Although I swear I didn’t need to do this at one location, at home I was prompted for credentials.
Credentials meant NO USERNAME, and API KEY for the password.
API_KEY is obtained via heroku auth:token


See for more.


Looks like this is caused by
I haven’t figured out how to temporarily deactivate it (and I’d only want it deactivated when pushing to heroku).

  1. heroku auth:token
  2. copy the token
  3. when prompted for credentials, leave username blank, past token into password


(re) connecting repo to heroku

If you’ve connected to heroku on one machine, but pull the repository somewhere else, you may have to reconnect to heroku.


  1. cd repo
  2. heroku login
    1. authenticate
  3. heroku git:remote -a <heroku-app-1234>
    1. if you don’t have it memorized, check your heroku dashboard


Q What about SSH keys?

When you login, heroku will check for SSH keys. If none exist on that machine, it will ask you to gen and add.




I can only see about 100 lines of logging, WTF?!?!?


heroku logs -n 1500 (per SO)



I have some links over @


heroku pg:reset DATABASE where DATABASE is the name of your database



NOTE: I have only built two apps using PostgreSQL, and have a loooon way to go. If I want to do anything complicated.


NOTE: the heroku page notes you should run psql locally.
So, do that, and write up the notes on keeping everything straight. ‘cause my configs will be annoying, again.


TODO: write up notes. I am running it locally for testing. HOORAY!



  1. one database per application
    1. AFAICT
  2. heroku addons:create heroku-postresql:hobby-dev
Creating foo-bar-1234... done, (free)
Adding foo-bar-1234 to weird-herku-name... done
Setting DATABASE_URL and restarting weird-heroku-name... done, v4
Database has been created and is available
! This database is empty. If upgrading, you can transfer
! data from another database with pgbackups:restore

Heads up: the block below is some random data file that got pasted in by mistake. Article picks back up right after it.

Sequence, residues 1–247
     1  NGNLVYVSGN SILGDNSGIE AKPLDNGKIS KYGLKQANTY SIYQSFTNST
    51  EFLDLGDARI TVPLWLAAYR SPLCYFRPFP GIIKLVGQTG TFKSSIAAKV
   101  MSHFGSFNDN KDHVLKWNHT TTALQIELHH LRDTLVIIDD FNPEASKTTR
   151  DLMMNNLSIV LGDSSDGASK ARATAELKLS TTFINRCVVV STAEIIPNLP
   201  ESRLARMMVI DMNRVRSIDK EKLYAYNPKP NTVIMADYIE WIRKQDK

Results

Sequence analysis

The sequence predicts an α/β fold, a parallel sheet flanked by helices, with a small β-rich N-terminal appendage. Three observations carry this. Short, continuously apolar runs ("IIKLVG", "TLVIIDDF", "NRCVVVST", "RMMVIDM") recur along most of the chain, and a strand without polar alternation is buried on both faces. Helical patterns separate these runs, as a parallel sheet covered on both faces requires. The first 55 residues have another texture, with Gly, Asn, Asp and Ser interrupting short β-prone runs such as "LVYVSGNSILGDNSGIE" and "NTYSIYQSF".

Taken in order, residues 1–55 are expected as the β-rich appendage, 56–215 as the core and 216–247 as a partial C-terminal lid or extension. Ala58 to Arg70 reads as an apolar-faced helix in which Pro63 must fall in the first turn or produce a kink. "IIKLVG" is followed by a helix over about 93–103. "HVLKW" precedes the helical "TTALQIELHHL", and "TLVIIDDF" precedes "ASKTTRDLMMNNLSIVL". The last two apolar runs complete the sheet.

Use `heroku addons:docs heroku-postgresql` to view documentation.
  1. info
> heroku pg:info
Plan: Hobby-dev
Status: Available
Connections: 0/20
PG Version: 9.4.2
Created: 2015-06-09 20:38 UTC
Data Size: 6.4 MB
Tables: 0
Rows: 0/10000 (In compliance)
Fork/Follow: Unsupported
Rollback: Unsupported



Canvas and Heroku



Renaming apps

Renaming apps is surprisingly easy. See notes @
I kept the original, randomly-named app names, which were interesting -- but after awhile I couldn’t remember what was what. So I checked out the heroku source, looked at what the code actually was (and discovered I had no meta-data like comments describing the code/project either, it seemed, except for the package.json file. BUT STILL.


Anyway, renaming was a breeze.


heroku apps:rename newname




heroku apps:rename newname --app oldname if you don’t want to checkout the code. However, your git remotes won’t be updated.


Apps stopped

My apps run twitter bots (So far).
On August 18, 2015 a bunch of them (not all) stopped.
I didn’t notice until mid-October (BECAUSE I AM A BAD BOT-PARENT?).


heroku restart didn’t do a thing.


I had to re-scale the worker via heroku ps:scale worker=1


There were no available logs that I could grab. damn.




Link Dump - logging can destroy performance



Heroku “deploy code” button for web-pages.



See Also

Programming.Bots - which has some specific notes. As of 2015.03 I’ve only used Heroku for bots (or tutorials).



Category Tags

hosting cloud

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Page last modified on September 08, 2016, at 11:47 PM